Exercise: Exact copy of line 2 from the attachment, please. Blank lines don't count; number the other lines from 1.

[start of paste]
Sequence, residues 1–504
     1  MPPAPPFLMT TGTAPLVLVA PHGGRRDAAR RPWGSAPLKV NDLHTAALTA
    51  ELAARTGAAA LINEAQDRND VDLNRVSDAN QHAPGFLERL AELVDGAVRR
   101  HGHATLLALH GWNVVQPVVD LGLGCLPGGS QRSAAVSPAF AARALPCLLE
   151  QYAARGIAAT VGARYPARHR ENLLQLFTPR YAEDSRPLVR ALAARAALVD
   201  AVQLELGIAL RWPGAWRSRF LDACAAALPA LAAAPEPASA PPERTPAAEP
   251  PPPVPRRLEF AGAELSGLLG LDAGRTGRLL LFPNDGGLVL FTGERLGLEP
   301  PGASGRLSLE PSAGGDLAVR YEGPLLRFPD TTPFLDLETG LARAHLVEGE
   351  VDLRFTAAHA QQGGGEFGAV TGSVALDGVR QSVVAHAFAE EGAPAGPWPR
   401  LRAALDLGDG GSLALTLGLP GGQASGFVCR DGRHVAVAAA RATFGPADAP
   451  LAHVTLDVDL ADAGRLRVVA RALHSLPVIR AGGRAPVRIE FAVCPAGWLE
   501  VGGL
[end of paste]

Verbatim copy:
     1  MPPAPPFLMT TGTAPLVLVA PHGGRRDAAR RPWGSAPLKV NDLHTAALTA